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Europe Must Be Africa's Partner of Choice

Having committed to pursuing a much closer partnership with African governments and the African Union, the European Union must consider how it can best contribute to Africa's security and economic prospects. With other global powers competing for influence, much more than trade and investment is at stake.

BRUSSELS – After being postponed several times because of the COVID-19 pandemic, this month’s European Union-African Union Summit in Brussels (February 17-18) will bring together European and African heads of state and government for the first time since 2017. The EU’s objective is to become Africa’s partner of choice, a goal set by European Commission President Ursula von der Leyen during our first visit to the AU’s headquarters in Addis Ababa two years ago.

What will it take to achieve this ambitious goal? First, we must approach the EU-AU partnership with modesty. Africa is a continent as large as the United States, Mexico, China, Japan, India, and much of Europe combined. With 54 countries and some 2,000 languages, and with a diverse range of opportunities as well as problems, the continent cannot be treated as a homogenous entity.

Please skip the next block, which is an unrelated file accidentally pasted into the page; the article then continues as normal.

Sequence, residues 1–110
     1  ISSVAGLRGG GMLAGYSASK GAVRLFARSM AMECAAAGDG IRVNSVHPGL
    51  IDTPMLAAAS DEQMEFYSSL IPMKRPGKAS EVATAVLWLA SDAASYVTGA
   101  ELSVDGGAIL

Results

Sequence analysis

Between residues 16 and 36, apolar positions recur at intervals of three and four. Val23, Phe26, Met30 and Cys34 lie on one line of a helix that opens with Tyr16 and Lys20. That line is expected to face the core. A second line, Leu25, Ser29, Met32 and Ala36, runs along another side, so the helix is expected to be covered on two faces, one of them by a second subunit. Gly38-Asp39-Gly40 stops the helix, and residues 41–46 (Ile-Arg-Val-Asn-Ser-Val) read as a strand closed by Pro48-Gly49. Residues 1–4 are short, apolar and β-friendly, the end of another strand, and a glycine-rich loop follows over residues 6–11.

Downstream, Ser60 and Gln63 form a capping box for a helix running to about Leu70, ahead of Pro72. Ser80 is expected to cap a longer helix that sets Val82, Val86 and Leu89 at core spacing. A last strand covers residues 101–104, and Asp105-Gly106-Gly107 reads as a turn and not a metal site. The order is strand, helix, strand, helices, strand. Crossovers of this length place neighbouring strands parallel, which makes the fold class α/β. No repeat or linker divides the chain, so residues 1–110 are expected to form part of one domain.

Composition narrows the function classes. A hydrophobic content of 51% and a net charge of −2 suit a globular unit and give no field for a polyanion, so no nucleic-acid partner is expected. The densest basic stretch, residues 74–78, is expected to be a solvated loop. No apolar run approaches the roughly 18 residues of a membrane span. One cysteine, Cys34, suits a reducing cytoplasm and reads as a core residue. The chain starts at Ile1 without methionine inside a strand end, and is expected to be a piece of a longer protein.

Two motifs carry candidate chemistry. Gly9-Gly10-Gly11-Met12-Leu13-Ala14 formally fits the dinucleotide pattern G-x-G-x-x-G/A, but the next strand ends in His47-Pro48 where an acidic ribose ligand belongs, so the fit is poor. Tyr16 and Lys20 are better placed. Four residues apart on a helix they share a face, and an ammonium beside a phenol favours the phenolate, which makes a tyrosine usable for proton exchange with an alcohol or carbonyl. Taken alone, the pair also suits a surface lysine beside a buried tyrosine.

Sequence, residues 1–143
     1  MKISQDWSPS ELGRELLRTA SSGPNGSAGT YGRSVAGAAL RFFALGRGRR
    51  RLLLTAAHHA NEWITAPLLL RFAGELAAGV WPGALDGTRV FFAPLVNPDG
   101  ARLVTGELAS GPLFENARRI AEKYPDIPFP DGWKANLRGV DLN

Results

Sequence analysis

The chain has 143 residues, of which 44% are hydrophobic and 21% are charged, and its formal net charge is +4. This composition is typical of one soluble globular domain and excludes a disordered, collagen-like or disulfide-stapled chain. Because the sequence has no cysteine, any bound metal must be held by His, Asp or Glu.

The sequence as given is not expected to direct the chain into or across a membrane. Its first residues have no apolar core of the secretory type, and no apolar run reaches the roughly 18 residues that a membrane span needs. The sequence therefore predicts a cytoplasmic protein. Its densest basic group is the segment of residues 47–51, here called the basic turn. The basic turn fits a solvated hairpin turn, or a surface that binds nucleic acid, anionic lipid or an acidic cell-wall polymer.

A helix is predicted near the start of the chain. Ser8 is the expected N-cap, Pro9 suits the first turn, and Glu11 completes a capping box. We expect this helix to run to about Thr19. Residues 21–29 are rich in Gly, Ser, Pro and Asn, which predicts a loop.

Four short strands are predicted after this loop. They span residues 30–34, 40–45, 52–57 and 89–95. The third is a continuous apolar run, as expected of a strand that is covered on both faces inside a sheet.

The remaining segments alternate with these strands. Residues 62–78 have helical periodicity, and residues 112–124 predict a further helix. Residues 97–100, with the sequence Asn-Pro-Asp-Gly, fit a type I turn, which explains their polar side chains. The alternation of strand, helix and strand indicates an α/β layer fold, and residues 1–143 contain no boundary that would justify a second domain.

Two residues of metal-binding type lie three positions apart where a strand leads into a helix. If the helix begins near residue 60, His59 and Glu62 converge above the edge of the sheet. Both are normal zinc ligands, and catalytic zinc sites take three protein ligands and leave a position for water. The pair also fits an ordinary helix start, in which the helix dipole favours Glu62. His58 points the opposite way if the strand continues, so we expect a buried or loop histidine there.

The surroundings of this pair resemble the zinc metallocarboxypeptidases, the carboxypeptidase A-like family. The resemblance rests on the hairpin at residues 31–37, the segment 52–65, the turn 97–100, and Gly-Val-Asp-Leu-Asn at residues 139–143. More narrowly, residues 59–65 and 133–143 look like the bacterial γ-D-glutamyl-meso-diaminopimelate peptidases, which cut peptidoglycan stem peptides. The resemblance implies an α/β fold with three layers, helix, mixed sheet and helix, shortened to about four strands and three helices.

Second, we must be realistic. Between Afro-pessimism and Afro-optimism, I advocate Afro-realism. Before talking about economic growth and trade relations, Europe must show that it can contribute to peace, security, and good governance in African countries. Before talking about the demographic dividend, we must also acknowledge the scale of the difficulties that uncontrolled population growth can create in societies. By 2030, 30 million young people will be entering the African labor market each year. To generate sustainable jobs for them, basic education must be a high priority.

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